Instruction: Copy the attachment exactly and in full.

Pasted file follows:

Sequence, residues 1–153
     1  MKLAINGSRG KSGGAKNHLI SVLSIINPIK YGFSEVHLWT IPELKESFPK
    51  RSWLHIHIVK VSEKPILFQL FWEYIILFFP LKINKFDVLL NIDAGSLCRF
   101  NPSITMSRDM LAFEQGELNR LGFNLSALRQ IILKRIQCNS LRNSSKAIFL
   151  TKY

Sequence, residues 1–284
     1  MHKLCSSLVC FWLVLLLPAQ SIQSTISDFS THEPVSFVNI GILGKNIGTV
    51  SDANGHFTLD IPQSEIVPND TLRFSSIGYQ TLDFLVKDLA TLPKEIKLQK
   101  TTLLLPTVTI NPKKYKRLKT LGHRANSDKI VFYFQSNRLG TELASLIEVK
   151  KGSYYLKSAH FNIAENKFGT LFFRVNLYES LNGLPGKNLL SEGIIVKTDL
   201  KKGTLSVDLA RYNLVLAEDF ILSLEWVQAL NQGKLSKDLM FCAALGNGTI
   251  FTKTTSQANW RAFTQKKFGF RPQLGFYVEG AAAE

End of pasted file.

Sequence, residues 1–153
     1  MKLAINGSRG KSGGAKNHLI SVLSIINPIK YGFSEVHLWT IPELKESFPK
    51  RSWLHIHIVK VSEKPILFQL FWEYIILFFP LKINKFDVLL NIDAGSLCRF
   101  NPSITMSRDM LAFEQGELNR LGFNLSALRQ IILKRIQCNS LRNSSKAIFL
   151  TKY

Sequence, residues 1–284
     1  MHKLCSSLVC FWLVLLLPAQ SIQSTISDFS THEPVSFVNI GILGKNIGTV
    51  SDANGHFTLD IPQSEIVPND TLRFSSIGYQ TLDFLVKDLA TLPKEIKLQK
   101  TTLLLPTVTI NPKKYKRLKT LGHRANSDKI VFYFQSNRLG TELASLIEVK
   151  KGSYYLKSAH FNIAENKFGT LFFRVNLYES LNGLPGKNLL SEGIIVKTDL
   201  KKGTLSVDLA RYNLVLAEDF ILSLEWVQAL NQGKLSKDLM FCAALGNGTI
   251  FTKTTSQANW RAFTQKKFGF RPQLGFYVEG AAAE